“We teach them what they need to know to protect themselves, to protect their family and get rid of the virus,” said Air Force Senior Airman Kyle Thompson, instructor, DET-3. “A lot of the people here have family or know someone who has died, and they’re just overly grateful we’re here to teach them how to take care of their loved ones. We’re the ones training the Liberians on how to fight EVD, but we’re leaving it up to them to make the right decisions.”
Several Liberians, including medical and nonmedical personnel, are participating in the class.
“To save lives, I’m being trained to protect myself first before helping the patients, and these classes have helped my fear of getting infected with Ebola to go away,” said James Gaylor, social worker and ETU course student.
Gaylor, a native of Lofa County, Liberia, said prior to the ETU course, he wasn’t trained on the proper way to wash his hands or wear the PPE.
“I’m very glad I could be here for this training,” he said. “We were not taught how to use this PPE. That is the first mistake I have seen from most of the health care workers; they were not taught how to wear the PPE or how to take it off. It’s a skill and a gradual process to get used to.”
Although service members had less than a month to say goodbye to family and friends, Air Force Staff Sgt. Dominique Blea, instructor, DET-3, said the mission has been worth it.
“Even though we may miss home, we understand this is what we have to do,” said Blea. “Hearing the locals speak highly of not only the American population but also the Army, the Air Force and seeing how much they look up to us and how much it means for us to be here, makes you feel good.”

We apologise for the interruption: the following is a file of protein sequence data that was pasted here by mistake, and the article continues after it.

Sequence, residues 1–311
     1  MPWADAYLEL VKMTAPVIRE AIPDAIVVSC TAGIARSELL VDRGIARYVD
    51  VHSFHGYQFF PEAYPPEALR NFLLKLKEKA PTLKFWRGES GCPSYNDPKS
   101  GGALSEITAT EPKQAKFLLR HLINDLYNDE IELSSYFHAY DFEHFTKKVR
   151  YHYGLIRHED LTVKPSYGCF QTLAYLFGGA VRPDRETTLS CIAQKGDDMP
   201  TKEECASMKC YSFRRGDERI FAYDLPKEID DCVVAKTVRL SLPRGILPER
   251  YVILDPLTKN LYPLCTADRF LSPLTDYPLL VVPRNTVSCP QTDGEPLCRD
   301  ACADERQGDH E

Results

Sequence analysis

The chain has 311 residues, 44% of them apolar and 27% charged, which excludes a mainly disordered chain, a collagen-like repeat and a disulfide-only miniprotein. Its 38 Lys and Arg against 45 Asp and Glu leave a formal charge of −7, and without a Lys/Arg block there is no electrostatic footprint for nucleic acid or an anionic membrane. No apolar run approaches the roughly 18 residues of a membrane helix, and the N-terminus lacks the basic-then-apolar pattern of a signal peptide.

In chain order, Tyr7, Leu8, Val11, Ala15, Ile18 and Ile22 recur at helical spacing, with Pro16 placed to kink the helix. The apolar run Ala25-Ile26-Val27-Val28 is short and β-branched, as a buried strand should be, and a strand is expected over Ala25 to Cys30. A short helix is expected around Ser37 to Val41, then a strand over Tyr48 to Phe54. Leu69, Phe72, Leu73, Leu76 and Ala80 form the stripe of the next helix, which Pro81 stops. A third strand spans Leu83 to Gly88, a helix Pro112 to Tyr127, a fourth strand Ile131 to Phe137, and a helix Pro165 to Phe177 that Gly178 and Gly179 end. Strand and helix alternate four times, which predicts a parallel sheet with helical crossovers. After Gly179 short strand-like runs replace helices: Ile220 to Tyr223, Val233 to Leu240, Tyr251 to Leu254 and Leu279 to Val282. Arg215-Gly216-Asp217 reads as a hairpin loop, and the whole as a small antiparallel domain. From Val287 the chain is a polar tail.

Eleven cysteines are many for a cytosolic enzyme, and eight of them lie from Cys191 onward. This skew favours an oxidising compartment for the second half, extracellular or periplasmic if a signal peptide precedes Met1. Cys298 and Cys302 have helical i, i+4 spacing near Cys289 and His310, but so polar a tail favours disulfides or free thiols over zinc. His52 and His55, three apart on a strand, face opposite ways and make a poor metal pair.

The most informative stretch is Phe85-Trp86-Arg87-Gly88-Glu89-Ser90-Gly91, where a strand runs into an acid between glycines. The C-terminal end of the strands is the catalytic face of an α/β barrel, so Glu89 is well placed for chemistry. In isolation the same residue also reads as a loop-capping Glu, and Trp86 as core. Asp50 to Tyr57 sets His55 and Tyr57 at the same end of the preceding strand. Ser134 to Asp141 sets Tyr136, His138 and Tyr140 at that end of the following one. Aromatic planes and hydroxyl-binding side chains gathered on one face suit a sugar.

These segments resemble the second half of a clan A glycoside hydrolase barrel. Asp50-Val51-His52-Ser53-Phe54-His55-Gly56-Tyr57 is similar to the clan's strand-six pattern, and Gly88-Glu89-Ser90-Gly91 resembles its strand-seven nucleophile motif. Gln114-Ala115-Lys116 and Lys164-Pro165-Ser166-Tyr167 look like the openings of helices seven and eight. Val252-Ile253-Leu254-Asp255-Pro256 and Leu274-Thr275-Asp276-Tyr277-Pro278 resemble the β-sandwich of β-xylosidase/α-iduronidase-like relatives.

The key factor to survival for health care workers: personal protective gear
On days two through four, health care workers practice the extensive and fragile process of donning and doffing – putting on and taking off – their PPE.
The room is stifling and the only relief comes from room-temperature water and sporadic fans. Training must simulate the real deal to better prepare these workers who could be working in ETUs with little more than a roof and four walls. Learning proper hygiene, waste management and memorizing the multi-step process for donning and doffing their PPE are some of the aspects of training.
Correctly doffing the PPE is one of the more essential steps in this procedure because it really takes a lot of focus and attention to detail to not spread the EVD if the gear has been contaminated, said Blea.
The goal of this course is two-fold: teach ETU workers how to stop this virus from spreading and, ultimately, how to stay alive in the process.
“This is where mistakes can ultimately cost people their lives,” he said. “If they unknowingly get contaminated, they could take it back to their communities and infect their loved ones so we really want them to be careful and use the buddy system when taking off their PPE.”
After practicing with their PPE, the health care workers are separated into their respective clinician and hygienist groups. While clinicians learn about methods for providing medical care for patients, hygienists learn how to spray down body bags and safely clean up bodily fluids.
An ETU environment demands health care workers pay extensive attention to detail while working in PPE that covers every inch of their bodies. While health care workers are training for the physical toll, instructors help prepare teams for the emotional toll as well.
John Nell, a medical team leader with Quicksilver Group International, will not be providing direct medical care to Ebola patients; however, he is in charge of a team of doctors who will treat them.
“I think that by being part of the training and going through it with them, I am in a better position to understand exactly what the team will be going through in the ETU,” said Nell, a South African native and attorney by trade.
The student pool includes individuals with various career backgrounds, languages and dialects, but despite the differences, instructors have received positive feedback.